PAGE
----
Hackers Wipe Western Digital Hard Drives Remotely Using Unfixed Crashes | Antivirus and Security

Imagine accessing your external hard drive and discovering that, all of a sudden, all the data stored there are gone. Many users of the lines My Book Live and My Book Live Duo, gives Western Digital, have gone through this recently. It wasn’t by accident or defect, but by attack: hacker exploited two flaws in these drives to remotely erase files stored on them.

Hackers Erase Western Digital Hard Drives Using Uncorrected Crashes (Image: PxHere)

In situations like this, two questions come to mind: how? It’s because? The first question has already been answered: an investigation has revealed that the firmware of the My Book Live and My Book Live Duo devices has a zero-day vulnerability, meaning that it is exploited before the responsible for the software releases a fix.

This failure allows the HDD to be reset to factory settings. This means that not only stored data can be erased, but also administrator settings, including set passwords.

Western Digital itself reported that the flaw was found in 2018 and identified as CVE-2018-18472. The problem is that the bug has not been fixed because the My Book Live and My Book Live Duo lines for NAS had their support cycle ended in 2015.

Here’s the effect: Last week, several users noticed that their hard drives from these lines were wiped. When they tried to login via browser in the admin panel, an “invalid password” warning appeared.

Not one but two zero-day failures

The problem didn’t end there. Investigations showed that a second zero-day flaw was exploited to attack vulnerable units. The most surprising part of the second flaw is that it could have been avoided much more easily than the first.

The My Book Live line allows the user to erase data or reset the device from remote commands. But, to avoid malicious actions, the instructions for this should only be executed after entering a password. This is standard behavior on any and every system — or it should be.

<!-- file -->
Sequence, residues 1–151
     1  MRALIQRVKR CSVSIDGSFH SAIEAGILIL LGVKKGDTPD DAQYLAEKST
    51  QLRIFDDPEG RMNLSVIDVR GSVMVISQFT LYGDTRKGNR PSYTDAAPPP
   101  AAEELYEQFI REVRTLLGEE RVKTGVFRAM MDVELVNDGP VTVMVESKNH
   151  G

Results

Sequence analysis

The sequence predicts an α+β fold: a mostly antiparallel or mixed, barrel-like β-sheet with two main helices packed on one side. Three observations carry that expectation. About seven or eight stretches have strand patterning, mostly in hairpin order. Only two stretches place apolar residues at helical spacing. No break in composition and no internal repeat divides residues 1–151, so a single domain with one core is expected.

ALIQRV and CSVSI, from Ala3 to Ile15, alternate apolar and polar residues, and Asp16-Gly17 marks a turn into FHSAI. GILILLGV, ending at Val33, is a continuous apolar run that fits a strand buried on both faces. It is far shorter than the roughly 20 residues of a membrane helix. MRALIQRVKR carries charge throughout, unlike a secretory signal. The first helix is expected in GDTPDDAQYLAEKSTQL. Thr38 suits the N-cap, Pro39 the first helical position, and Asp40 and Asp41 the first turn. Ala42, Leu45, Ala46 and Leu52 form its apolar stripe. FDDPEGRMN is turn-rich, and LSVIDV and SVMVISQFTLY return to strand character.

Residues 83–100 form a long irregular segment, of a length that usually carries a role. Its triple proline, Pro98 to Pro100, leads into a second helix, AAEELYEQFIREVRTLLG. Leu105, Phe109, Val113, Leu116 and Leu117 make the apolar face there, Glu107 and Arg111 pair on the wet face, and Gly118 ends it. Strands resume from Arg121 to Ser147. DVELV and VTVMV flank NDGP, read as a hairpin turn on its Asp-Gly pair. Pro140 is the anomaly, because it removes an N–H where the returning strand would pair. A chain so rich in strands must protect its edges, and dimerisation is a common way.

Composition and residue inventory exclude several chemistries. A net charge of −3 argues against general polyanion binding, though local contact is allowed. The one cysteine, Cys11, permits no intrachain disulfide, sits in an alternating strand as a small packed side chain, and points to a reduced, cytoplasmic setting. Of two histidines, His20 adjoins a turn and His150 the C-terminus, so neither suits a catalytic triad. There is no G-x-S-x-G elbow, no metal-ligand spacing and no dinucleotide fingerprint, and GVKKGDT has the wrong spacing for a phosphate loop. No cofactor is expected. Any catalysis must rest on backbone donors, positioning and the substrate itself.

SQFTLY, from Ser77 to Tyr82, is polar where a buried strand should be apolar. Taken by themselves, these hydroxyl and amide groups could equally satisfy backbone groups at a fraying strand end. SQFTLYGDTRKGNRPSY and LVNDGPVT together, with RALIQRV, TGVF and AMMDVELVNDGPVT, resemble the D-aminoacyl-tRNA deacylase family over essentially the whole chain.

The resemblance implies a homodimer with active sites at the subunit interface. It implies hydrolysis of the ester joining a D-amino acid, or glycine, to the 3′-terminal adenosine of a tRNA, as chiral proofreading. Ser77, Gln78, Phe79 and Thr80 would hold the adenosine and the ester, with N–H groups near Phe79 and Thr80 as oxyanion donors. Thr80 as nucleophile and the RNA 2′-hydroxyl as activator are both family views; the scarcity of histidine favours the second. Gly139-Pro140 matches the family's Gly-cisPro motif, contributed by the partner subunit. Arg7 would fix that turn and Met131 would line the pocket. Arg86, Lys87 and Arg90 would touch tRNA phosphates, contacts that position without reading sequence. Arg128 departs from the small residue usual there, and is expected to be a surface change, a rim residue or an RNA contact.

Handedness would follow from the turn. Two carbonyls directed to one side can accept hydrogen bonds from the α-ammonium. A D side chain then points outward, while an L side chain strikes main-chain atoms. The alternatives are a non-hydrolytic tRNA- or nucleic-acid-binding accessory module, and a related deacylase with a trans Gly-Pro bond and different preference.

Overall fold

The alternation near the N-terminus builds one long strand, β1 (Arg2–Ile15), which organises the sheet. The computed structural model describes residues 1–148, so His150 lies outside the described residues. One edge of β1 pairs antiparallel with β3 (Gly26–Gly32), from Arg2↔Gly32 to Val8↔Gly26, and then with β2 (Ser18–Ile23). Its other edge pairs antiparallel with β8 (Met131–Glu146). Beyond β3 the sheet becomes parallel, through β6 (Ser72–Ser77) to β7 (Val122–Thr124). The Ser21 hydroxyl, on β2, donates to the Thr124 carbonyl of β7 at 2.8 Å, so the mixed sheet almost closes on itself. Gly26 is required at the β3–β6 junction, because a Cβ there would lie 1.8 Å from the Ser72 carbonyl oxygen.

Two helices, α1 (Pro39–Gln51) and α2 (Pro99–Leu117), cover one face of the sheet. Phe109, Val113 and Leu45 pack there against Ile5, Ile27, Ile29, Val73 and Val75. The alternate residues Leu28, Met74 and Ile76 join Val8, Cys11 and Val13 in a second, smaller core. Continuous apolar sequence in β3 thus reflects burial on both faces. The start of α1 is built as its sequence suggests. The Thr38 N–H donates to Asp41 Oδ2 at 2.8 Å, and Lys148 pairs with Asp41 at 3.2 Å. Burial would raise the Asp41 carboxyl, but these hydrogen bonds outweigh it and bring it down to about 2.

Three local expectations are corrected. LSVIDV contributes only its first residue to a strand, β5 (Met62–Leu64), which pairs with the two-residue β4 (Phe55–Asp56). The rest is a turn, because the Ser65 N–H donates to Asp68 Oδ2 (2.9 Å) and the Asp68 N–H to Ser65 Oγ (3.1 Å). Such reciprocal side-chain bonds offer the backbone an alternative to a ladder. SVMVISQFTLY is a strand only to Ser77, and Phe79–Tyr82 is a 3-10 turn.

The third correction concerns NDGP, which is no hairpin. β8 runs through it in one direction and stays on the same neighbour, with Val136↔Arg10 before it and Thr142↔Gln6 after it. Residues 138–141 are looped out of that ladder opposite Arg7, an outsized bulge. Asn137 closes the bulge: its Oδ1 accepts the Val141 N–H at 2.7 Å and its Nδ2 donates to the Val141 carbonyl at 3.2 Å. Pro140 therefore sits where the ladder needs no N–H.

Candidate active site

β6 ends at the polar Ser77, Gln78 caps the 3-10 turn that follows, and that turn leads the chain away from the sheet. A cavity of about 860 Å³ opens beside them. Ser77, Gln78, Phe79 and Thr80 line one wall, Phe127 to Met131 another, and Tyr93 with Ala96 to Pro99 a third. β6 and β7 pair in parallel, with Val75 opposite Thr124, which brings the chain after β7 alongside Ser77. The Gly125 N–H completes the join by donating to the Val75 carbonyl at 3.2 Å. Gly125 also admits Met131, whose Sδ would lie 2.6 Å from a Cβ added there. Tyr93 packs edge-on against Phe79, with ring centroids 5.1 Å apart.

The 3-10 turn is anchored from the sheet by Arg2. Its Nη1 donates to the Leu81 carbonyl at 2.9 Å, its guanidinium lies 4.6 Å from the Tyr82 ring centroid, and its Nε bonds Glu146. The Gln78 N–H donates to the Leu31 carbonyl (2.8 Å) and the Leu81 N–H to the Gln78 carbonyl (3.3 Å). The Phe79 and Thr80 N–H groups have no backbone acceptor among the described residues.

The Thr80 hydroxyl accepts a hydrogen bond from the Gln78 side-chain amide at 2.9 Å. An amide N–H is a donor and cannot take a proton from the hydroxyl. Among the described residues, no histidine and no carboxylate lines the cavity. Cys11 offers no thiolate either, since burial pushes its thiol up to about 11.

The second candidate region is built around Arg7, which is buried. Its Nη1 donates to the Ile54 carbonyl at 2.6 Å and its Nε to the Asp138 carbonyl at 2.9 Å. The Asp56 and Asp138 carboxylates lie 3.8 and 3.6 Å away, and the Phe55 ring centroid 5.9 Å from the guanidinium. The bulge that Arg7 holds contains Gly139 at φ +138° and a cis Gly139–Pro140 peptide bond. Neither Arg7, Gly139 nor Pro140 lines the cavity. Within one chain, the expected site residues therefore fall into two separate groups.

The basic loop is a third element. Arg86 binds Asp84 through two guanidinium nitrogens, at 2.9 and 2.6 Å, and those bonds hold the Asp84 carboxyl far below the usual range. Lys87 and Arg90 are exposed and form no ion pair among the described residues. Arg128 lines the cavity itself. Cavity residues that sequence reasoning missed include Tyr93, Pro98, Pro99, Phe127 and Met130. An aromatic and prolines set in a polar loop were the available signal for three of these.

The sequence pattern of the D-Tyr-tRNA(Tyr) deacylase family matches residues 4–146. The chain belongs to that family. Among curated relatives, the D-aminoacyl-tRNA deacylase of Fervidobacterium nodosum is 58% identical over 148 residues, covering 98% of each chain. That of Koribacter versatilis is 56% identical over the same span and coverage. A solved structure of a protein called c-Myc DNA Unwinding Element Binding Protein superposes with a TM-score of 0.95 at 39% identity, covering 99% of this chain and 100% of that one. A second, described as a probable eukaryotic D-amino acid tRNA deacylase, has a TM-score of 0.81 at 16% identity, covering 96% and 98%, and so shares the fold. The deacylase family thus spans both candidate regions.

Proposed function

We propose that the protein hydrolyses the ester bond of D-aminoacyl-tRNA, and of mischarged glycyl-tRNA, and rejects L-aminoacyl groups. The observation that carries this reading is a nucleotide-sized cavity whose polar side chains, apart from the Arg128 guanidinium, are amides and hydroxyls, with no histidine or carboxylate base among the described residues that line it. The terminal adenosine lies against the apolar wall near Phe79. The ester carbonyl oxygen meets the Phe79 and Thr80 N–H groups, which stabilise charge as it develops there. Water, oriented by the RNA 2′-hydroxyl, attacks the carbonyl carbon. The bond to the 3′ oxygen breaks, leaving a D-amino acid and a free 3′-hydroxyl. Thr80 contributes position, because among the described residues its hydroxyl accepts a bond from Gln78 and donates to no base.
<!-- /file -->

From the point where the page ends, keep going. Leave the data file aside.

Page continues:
However, the investigation showed that some Western Digital developer commented on the part of the script that requires authentication, meaning that these lines have been disabled.

It was up to the attackers to figure out a way to remotely order the deletion of data from this breach. As the script that performs this task did not ask for a password, the attacks were carried out successfully, much to the dismay of the users.

The second fault was identified as CVE-2021-35941. In a note, Western Digital explained that the vulnerability has existed since 2011 — the My Book Live line was released in 2010 — and that the code snippet in question was disabled because the authentication instructions were directed to another script. The problem is that this script fails to trigger the password request.

The reason for the attacks is a mystery.

What motivated the attackers to attack these units? Nobody knows for sure. The mystery increases if we take into account that, in many cases, the two flaws were exploited, but only one of them would be enough for the hard drives to be erased.

A theory raised by security company Censys is that the actions are the result of a dispute between hackers. A hacker or group could have used the first vulnerability to control hard drives with the intention of using them in other malicious actions; another hacker or group could then have used the second bug to break that control.

This theory loses strength, however, if we consider that there is evidence that some attacks exploited the two flaws from the same IP address.

And now?

For victims of the attacks, Western Digital has promised to help them recover deleted files with data recovery services. The company has also promised to offer vulnerable drive owners a program that swaps these hard drives for current supported My Cloud models.

For anyone who owns a My Book Live or My Book Live Duo unaffected by the attack, the company’s instruction is rather obvious: disconnect it from the internet as soon as possible.

With information: BleepingComputer, Ars Technica.

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